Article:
The first attempt which was made to guide the lower nature of man to a higher stage was Solomon's Temple, as we have seen. The pentagon was to be seen at the entrance as the great symbol, for man was to strive towards the fifth principle [of his nature]; that is to say, human nature had to raise itself up from the lower principles to the higher, each member [of man's being] was to be ennobled.
And here we come to the Cross's real meaning, which has led it to acquire such basic and real significance as a symbol of Christianity. What is the Cross? There are three Kingdoms towards which mankind is striving — the Plant Kingdom, the Animal Kingdom and the Human Kingdom. Today man finds his reality in the Mineral Kingdom, to which plants, animals and man belong. You should see it as it is meant in all creeds of wisdom, that man as a being of soul and spirit is a part of the universal soul, the world soul as Giordano Bruno, for example, called it. 3 Philotheus Giordano Bruno (1548–1600) De rerum Principiis Elementis et Causis, Dialogue: ‘Universal reasoning is the most inward, real and individual faculty and a potential part of the World Soul.’ Perhaps the individual soul is like a drop in the world soul which we can imagine as a great ocean. Now Plato said about this, that the world soul has been crucified on the world body. 4 See note 10 to the preceding lecture.
The world soul, as it expresses itself in man, is spread out over the Mineral Kingdom. It must raise itself above this, and evolve upwards to the three higher Kingdoms. Hence it must become incorporated in the Plant, Animal and Human Kingdoms during the next three Rounds. The fourth Round is nothing else than the incorporation of the human soul into the Mineral Kingdom, the fifth Round into the Plant Kingdom, the sixth into the Animal Kingdom, and finally the seventh Round is the embodiment of man into the Human Kingdom proper, in which man will become wholly an image of the Godhead. Until then man has to take the world body as his sheath three times.
If we take a look at mankind's future, it presents itself to us as threefold materiality — vegetable, animal and human. This human [substance] is not the same, however, as the substantiality we have today; for the latter is mineral, since man has indeed so far only arrived at the mineral cycle [in his evolution]. Only when the lowest Kingdom has [become] the Human Kingdom, when there are no more lower beings, when all beings have been redeemed by man through the force of his own life, then he will have arrived in the seventh Round, where God rests, because man himself creates. Then will have come the seventh Day of Creation, in which man will have taken on the likeness of God. These are the stages in the story of creation.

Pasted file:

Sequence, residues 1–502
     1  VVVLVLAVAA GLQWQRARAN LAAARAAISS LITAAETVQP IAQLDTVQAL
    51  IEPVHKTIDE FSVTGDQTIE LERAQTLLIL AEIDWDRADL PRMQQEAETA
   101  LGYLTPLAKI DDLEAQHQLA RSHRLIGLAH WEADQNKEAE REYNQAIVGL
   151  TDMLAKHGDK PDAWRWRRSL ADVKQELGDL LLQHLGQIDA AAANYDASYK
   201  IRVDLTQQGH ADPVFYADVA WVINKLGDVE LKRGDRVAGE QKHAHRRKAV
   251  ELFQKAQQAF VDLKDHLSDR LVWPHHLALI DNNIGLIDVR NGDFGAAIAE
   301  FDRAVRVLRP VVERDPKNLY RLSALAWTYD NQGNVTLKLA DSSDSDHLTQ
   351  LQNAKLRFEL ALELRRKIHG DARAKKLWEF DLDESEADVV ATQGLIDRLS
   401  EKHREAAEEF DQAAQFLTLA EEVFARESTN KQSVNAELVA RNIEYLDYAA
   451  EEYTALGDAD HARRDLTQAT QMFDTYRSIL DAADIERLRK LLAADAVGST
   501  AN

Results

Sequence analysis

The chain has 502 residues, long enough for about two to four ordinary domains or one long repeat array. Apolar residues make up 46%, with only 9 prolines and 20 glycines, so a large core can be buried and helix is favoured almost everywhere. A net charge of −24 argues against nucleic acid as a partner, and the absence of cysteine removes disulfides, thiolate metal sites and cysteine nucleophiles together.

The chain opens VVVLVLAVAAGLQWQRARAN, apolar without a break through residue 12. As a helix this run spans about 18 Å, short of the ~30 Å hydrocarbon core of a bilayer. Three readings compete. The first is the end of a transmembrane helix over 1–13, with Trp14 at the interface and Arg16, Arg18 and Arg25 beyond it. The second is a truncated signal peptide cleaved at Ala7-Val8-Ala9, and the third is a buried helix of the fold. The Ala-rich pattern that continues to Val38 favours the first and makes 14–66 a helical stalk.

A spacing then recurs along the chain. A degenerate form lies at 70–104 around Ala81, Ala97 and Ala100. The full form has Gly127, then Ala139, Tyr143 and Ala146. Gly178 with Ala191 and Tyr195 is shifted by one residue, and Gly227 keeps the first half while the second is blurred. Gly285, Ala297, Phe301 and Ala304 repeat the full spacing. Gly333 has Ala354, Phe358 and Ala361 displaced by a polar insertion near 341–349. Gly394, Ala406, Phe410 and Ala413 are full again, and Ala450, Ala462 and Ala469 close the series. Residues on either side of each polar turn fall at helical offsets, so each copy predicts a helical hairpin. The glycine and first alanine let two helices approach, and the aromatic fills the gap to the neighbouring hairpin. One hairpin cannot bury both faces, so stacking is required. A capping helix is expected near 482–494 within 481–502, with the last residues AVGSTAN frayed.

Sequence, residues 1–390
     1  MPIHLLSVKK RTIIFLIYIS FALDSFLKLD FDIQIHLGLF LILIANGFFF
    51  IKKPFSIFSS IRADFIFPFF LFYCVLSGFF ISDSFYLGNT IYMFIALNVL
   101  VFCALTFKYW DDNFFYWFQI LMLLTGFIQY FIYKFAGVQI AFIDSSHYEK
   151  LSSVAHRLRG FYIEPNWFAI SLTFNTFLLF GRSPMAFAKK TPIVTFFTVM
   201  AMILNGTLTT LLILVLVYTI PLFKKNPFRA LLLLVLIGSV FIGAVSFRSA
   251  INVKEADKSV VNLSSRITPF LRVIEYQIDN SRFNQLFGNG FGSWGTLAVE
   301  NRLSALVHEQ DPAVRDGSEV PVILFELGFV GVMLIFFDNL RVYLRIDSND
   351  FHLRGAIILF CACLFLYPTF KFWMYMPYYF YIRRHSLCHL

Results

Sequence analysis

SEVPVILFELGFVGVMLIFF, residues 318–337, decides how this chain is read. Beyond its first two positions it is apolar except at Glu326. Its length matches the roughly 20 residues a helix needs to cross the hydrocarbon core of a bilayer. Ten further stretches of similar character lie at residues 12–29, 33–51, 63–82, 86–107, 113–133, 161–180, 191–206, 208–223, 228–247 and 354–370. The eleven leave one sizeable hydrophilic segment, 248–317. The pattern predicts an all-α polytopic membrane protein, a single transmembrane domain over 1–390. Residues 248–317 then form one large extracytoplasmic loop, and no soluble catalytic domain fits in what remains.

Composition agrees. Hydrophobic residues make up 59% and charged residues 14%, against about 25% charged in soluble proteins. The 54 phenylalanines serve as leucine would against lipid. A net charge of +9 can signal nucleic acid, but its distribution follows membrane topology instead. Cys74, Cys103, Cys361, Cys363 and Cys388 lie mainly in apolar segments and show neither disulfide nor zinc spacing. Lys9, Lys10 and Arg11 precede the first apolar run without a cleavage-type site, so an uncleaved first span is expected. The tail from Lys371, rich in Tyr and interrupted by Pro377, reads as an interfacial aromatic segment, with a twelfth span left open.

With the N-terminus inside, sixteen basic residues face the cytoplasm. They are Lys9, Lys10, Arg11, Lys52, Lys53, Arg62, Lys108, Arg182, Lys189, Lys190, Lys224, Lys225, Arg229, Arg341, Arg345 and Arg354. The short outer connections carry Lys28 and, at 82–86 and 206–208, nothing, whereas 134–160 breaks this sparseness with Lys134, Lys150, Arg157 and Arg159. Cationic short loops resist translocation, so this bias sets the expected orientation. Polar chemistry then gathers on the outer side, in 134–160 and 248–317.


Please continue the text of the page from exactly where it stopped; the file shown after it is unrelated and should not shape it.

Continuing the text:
Now plant, animal and man, as they stand before us today, are only the germ of what they are to become. The plant of today is only a symbolical indication of something which is to appear in the next human evolutionary cycle in greater glory and clarity. And when man has overcome and stripped off animality, he will have become something of which today he is only a hint. Thus the Plant, Animal and Human Kingdoms are the three material kingdoms through which man has to pass; they are to be world body, and the soul has to be crucified on this world body.
Be clear from now on about the respective positions of plant, animal and man. The plant is the precise counterpart of man. There is a very deep and significant meaning in our conceiving the plant as the exact counterpart of man, and man as the inverse of plant nature. Outer science does not concern itself with such matters; it takes things as they present themselves to the outer senses. Science connected with theosophy, however, considers the meaning of things in their connection with all the rest of evolution. For, as Goethe says, 5 Second part of Faust, end chorus: ‘All things transitory are but a likeness.’ each thing must be seen only as a parable.
The plant has its roots in the earth and unfolds its leaves and blooms to the sun. At present the sun has in itself the force which was once united with the earth. The sun has of course separated itself from our earth. Thus the entire sun forces are something with which our earth was at one time permeated; the sun forces then lived in the earth. Today the plant is still searching for those times when the sun forces were still united with the earth, by exposing its flowering system to those forces. The sun forces are the [same as those which work as] etheric forces in the plants. By presenting its reproductive organs to the sun, the plant shows its deep affinity with it; its reproductive principle is occultly linked with the sun forces. The head of the plant, [the root] which is embedded in the darkness of the earth,is on the other hand similarly akin to the earth. Earth and sun are the two polar opposites in evolution.